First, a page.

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Criminal Resource Manual

55. Step 3—Determine the Juvenile's Prior Criminal History

If you make a tentative decision to prosecute a juvenile in federal court, you should initiate a prompt search for certified copies of any prior criminal convictions or delinquency adjudications. These must be obtained and provided to the court. Prior juvenile records of the defendant must be provided to the court before it can transfer the case to adult status or proceed to sentencing in a juvenile adjudication. If there are no such records, the clerk of the appropriate juvenile court must certify in writing that the juvenile has no prior record or that the record is unavailable and why. 18 U.S.C. §  5032 (tenth paragraph).

The existence of a prior juvenile record is a critical factor in the court's determination whether to transfer a juvenile to adult status under the criteria set forth in the fifth paragraph of 18 U.S.C. § 5032. It is also evidence that the juvenile's response to prior juvenile treatment was unavailing.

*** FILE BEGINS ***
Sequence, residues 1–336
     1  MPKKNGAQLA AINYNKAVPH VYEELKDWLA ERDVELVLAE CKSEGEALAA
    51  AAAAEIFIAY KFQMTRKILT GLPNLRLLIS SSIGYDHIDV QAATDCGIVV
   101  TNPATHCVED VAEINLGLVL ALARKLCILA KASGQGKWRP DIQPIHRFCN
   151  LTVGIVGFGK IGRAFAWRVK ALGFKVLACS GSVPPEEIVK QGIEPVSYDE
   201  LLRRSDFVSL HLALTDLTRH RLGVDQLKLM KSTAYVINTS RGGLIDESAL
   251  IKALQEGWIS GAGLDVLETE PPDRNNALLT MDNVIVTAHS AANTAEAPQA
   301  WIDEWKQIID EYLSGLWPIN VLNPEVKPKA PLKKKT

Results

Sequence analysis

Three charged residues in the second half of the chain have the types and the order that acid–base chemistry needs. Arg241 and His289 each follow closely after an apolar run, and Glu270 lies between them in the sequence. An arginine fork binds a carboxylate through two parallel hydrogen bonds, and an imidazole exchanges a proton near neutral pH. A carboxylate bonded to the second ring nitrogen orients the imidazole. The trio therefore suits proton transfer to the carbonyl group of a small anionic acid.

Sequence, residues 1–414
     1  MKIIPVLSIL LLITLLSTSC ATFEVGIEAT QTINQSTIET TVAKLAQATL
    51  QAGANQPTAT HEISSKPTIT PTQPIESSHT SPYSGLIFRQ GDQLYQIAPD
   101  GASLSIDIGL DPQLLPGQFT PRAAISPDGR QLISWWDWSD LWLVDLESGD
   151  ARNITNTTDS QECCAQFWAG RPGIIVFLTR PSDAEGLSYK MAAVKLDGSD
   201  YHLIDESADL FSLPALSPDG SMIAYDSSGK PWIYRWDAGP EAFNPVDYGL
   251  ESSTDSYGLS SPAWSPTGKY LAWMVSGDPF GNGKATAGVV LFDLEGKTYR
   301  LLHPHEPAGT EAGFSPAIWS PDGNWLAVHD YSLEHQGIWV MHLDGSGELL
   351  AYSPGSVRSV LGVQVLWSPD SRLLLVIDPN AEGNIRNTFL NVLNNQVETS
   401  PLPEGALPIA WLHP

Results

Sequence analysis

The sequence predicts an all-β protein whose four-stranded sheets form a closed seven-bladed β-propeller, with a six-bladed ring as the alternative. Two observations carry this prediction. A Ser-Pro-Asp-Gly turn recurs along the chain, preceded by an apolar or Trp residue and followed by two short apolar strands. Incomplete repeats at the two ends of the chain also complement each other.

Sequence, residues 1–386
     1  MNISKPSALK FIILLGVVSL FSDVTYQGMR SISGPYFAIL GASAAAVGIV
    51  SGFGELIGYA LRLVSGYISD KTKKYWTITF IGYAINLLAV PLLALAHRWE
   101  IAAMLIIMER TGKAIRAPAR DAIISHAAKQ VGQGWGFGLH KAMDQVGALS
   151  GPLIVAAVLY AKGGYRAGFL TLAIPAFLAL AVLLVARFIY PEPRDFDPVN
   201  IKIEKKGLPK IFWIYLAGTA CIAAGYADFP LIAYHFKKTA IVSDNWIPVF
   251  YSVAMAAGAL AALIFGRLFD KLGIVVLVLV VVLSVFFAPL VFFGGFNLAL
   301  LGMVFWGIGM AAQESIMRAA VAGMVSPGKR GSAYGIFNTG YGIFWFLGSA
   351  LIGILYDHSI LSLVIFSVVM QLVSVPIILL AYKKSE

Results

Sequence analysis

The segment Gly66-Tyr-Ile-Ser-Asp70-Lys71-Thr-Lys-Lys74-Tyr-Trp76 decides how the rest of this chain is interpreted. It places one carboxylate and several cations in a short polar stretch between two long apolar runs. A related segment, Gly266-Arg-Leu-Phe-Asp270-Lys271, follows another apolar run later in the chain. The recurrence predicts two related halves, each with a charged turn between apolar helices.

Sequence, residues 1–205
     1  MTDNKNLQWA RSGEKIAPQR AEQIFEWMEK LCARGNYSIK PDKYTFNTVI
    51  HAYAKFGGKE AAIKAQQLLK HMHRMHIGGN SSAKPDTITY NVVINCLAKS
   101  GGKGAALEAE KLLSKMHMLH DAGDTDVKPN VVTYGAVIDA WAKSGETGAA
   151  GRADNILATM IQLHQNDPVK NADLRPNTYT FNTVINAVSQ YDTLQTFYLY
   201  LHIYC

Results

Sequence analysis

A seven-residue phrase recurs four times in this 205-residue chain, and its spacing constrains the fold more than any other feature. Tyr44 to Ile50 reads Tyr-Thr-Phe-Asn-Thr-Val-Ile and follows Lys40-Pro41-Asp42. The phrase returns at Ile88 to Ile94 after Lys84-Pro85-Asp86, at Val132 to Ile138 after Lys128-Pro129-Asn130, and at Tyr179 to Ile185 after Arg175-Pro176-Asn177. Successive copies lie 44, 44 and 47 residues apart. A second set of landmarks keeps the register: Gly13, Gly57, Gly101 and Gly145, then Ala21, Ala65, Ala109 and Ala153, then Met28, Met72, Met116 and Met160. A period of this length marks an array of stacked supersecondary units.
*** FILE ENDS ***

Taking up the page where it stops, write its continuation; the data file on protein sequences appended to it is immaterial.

If the juvenile charged with certain specified offenses has been previously convicted or adjudicated guilty of certain specified offenses, the granting of the government's motion to transfer the juvenile to adult status is mandatory. See the fourth paragraph of 18 U.S.C. § 5032. In these circumstances, the court has no discretion to deny the juvenile's transfer to adult status. See United States v. David H., 29 F.3d 489 (9th Cir. 1994).

[cited in Criminal Resource Manual 48]